for a job? 3 books show how to search with success.
published on Monday, June 14, 2004 in The Miami Herald.
A friend of mine started his new job a couple of months ago and
he's doing really well, thank you very much. I predict, in fact,
that he'll become a manager within the year. But while engaged in
his recent employment quest, I reminded him several times that he
already had a job -- finding a new job, which is a full-time vocation
He's a positive, intelligent and resourceful person, and his strong
sense of responsibility to his family helped keep him focused. Plus,
he left his last position on good terms with his boss, having had
his position eliminated rather than being terminated for ''cause.''
But under any circumstances, the search for employment is usually
a difficult endeavor.
The tools have changed; the advent of the Internet has radically
altered the search, but the goal is still the same: gain an interview,
learn about the position and get the job. Here are three recent
books that offer wisdom and inspiration for those times when one
door closes and the other door has yet to be found.
Careers: How to Land the Job of Your Life. Jeff Taylor with Doug
Hardy. Penguin USA. 416 pages
revolutionized the job search — and the classified advertising
business for newspapers. The Internet site lists thousands, even
millions of jobs from all over the globe and allows searches customized
by geography, position, salary and more. But unlike its print counterparts,
Monster permits users to post their own résumés that
are viewable by prospective employers. Newspapers have since overcome
this competitive advantage with their own sites (such as Careerbuilder.com)
that allow them to combine in-paper ads with those viewable on the
Jeff Taylor, who founded Monster.com, has written a Monster-savvy
book for job seekers. This is a very good thing, in fact, as almost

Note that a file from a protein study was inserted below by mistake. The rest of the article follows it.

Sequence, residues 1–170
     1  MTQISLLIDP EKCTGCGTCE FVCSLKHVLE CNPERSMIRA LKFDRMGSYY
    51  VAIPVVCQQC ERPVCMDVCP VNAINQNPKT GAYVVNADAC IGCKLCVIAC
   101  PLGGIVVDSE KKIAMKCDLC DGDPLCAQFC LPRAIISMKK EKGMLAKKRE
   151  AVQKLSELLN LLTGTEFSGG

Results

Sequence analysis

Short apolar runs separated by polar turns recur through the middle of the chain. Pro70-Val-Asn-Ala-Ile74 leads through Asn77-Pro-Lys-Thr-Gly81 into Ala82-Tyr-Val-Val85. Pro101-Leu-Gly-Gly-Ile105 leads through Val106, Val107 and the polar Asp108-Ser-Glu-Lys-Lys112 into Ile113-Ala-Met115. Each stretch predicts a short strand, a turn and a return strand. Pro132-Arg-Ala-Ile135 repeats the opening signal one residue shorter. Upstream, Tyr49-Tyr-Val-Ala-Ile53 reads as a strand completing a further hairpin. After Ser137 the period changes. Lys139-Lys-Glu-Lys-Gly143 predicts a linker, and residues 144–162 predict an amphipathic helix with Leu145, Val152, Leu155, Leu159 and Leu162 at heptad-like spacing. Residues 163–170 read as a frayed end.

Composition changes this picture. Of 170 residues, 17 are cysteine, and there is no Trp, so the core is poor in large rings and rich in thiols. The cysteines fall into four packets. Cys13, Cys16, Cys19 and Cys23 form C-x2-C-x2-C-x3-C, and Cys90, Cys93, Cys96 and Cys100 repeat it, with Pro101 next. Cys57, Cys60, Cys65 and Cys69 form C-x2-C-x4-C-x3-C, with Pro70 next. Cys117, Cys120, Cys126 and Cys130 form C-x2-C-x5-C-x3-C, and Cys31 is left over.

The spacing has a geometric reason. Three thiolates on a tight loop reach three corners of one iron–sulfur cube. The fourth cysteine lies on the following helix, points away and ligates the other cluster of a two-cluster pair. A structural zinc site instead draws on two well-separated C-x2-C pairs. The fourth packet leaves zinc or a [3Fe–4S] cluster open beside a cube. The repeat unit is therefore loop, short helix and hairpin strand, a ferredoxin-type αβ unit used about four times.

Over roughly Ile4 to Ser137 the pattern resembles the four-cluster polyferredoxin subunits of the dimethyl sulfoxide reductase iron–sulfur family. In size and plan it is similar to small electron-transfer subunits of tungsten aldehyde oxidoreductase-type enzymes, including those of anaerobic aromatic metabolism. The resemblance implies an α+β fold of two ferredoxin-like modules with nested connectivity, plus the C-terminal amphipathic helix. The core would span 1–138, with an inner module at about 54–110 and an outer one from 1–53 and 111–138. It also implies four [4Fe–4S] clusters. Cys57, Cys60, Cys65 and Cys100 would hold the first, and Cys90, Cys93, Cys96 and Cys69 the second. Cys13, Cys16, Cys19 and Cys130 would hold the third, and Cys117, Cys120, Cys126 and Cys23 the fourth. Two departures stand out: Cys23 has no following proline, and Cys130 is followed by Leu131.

everything is geared to getting the most out of his site for your
job search. But it's also a bad thing. Some of the advice is generic
or transferable to other venues, but most of the focus is on Taylor's
site. That said, his book is a user-friendly, upbeat tutorial that
can serve as a helpful primer, especially for rookies who need to
have a Monster on their side.
Procrastinator's Guide to the Job Hunt. Lorelei Lanum. NAL. 240
If you need to work but procrastinate, you probably deserve to
sit on the sidelines, but never mind. The best thing about this
volume is that author Lanum cuts to the chase and offers a straightforward,
no-nonsense plan for going after a gig. She's not a deeply experienced
recruiter or HR pro, but a good writer and lucid communicator. That's
enough, in this case. Nice job!
Insider Secrets to a Winning Job Search: Everything You Need to
Get the Job You Want in 24 Hours — Or Less. Todd Bermont.
Career Press. 215 pages
Bermont also proceeds directly, and makes no pretense of thoroughness.
Instead, he gives top-line information, breaking the process down
into ten obvious but important areas and offering tips and ideas
within each topic. It's a good approach and one that's easy to take
-- especially for those on the employment trail who may already
be overloaded with information, advice and emotions. Works for me!
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